Plymouth’s Historic Waterfront – Influenced by Maritime Navigation
When you stroll along the magnificent Plymouth Waterfront from Sutton Harbour, around Madeira Road and The Hoe, toward Millbay and Royal William Yard – spare a thought for how things were in the days when safe navigation was in it’s infancy, and Plymouth was small but vital and well-defended natural harbour.
Imagine a world where navigation was in it’s infancy, hazards abounded, and the unknown was everywhere; if you recognise that navigation allows trade, which means money, which advances discovery, which equals power – then a key which unlocks all this potential has a value above anything else.
That key is a flat sheet of paper plastered with hieroglyphics – and an understanding of how to use it! Many great navigators set sail from Plymouth and Sutton Harbour – Drake, Cook, Chichester – all ‘Masters’ of their vessel.
Before the term ‘Captain’ became synonymous with being in charge of a ship, the boss was the ‘Master’ meaning that he had mastered navigation and seamanship; ‘Captain’ was a title given to a fighting leader with soldiers aboard a vessel in time of war. Volumes could of course be written about maps and charts, and their development up to the accuracy of today’s superlative Admiralty Charts.
Here is a look at a few features of just one chart, of Plymouth, published in 1798; because as well as having been a key to the world at the time, today it offers an opportunity to unlock some long-forgotten secrets of the past!
Listed here is The Hoe; spellings were inconsistent, and mapmakers rarely local so that they depended on the sound of a name and recorded it phonetically. ‘Hoe’ means ‘high’, and you can see that it extends from the Citadel to Millbay – before the west Hoe end was quarried away to build Plymouth!
On the Hoe are three ‘obelisks’ – tall pillars, painted black white and red. These were placed for sailors to navigate more safely past the many rocks and reefs of Plymouth Sound, and the red obelisk stood where Smeaton’s Tower stands today.
By aligning the pillar with the tower of St Andrew’s Church (the old Mother Church of Plymouth – and Andrew the Patron Saint for sailors and fishermen) a sailor could judge position and course; see how the sight-lines (‘transits’) align with safe passage?
Many of the names are quite charming; one wonders how the reefs and rocks got their names! ‘Crimble Passage’ into the Tamar past Mount Wise is rather lovely. Ashore, prominent hilltop buildings were identified again for navigation, and to the East of the City is ‘Old Sugar House’ which was probably an early sugar refinery out toward Plympton; a quay on that side of Sutton Harbour is still called ‘Sugar Quay’ today; the quaysides were often named after the goods they specialised in, and they were always in direct line of transport – so ‘Tin Quay’ was closest to Dartmoor, Fish Quay for the fishing boats, and Dung Quay for the very important manure trade!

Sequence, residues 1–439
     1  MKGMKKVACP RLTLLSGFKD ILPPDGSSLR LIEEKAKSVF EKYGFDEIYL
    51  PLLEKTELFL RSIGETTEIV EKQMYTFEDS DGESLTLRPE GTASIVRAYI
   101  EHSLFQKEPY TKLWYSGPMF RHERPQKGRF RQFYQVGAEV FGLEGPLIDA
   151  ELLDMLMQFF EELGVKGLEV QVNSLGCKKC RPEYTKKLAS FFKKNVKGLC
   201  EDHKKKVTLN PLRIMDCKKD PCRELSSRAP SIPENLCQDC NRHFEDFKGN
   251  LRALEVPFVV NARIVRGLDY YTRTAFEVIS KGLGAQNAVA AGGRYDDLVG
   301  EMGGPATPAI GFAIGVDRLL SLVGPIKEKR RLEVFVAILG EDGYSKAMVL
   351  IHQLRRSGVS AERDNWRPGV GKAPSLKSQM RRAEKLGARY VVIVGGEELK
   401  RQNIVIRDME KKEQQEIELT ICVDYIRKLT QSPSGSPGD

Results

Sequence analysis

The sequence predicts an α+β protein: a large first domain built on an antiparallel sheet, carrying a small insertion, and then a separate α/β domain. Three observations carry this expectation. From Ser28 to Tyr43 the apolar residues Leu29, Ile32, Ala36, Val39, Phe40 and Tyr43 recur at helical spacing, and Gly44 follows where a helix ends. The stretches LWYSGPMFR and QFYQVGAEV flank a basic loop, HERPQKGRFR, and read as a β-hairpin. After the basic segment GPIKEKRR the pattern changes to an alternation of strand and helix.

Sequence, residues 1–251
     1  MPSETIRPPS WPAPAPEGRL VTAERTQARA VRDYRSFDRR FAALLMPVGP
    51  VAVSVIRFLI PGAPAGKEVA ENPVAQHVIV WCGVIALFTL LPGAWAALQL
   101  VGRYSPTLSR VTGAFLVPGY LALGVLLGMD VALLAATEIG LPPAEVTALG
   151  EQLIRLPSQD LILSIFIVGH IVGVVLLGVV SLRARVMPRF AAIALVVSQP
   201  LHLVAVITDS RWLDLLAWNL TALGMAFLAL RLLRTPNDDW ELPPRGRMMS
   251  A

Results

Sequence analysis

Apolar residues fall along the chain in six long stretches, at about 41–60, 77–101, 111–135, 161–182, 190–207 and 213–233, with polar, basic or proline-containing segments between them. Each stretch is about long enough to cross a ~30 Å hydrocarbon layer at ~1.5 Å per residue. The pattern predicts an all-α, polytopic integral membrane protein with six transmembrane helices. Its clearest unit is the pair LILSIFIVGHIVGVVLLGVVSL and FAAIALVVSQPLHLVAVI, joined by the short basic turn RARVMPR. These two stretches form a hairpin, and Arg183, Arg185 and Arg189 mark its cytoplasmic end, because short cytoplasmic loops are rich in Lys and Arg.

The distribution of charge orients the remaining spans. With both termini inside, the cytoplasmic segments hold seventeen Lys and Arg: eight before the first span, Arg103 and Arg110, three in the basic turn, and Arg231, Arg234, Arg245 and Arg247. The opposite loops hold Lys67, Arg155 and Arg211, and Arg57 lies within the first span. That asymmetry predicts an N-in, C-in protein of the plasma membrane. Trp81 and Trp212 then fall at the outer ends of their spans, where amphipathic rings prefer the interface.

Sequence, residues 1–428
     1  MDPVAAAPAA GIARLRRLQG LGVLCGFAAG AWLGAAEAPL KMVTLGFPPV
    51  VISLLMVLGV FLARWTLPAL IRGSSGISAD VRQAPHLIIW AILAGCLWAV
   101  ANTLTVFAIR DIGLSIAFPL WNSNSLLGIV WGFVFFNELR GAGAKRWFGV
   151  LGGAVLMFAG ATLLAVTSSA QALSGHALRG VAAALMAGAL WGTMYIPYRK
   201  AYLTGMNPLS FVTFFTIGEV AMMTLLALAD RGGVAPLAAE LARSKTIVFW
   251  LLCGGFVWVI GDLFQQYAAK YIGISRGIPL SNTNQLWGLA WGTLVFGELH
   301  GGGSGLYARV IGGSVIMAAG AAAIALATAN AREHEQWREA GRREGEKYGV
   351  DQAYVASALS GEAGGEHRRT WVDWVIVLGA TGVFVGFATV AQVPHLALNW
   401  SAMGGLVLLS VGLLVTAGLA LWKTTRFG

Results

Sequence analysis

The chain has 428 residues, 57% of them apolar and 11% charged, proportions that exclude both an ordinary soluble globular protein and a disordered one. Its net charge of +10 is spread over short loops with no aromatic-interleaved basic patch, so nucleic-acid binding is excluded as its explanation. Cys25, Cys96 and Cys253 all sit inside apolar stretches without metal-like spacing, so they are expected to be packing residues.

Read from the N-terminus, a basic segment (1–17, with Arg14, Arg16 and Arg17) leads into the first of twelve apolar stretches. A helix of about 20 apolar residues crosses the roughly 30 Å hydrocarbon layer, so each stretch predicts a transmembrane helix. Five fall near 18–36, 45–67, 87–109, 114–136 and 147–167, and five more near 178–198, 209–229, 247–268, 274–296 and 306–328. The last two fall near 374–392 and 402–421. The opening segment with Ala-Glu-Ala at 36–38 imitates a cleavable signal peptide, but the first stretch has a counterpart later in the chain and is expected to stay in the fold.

Look closer into Sutton Pool; the Citadel has been built and the old castle demolished – no Barbican here! West Pier and the Fish House guard the Pool entrance. Do you see that the warehouses directly abut the water? The ships tied up literally at these ‘Keys’ under the loading cranes (that can still be seen today on some buildings) and goods were hauled up. Only later did flat quaysides develop.
To the East, Mill Bay is a simple, open marshy pool; it was surrounded by Mills, some originated by Drake, powered by water flow down the leats from the Moor. These Mills would later be used as prisons for Frenchmen as Napoleon came to prominence – and that would in turn lead to the building of Dartmoor Gaol.
The word ‘Assembly’ beside Millbay is the large redbrick building known then as the Assembly Room; it was a long building – and became in time the ‘Longroom’, a base for the Queen’s Harbour Master; the building still stands within Stonehouse Barracks, and mariners call ‘Longroom’ on their radios to this day.
See how Stonehouse Creek runs up past the Royal Naval Hospital (now ‘Millfields’) to Millbridge , where tidal-powered mills stood on a bridge over the water (which ran up to the Prison at Pennycomequick!)
(Image credit: British Library Board)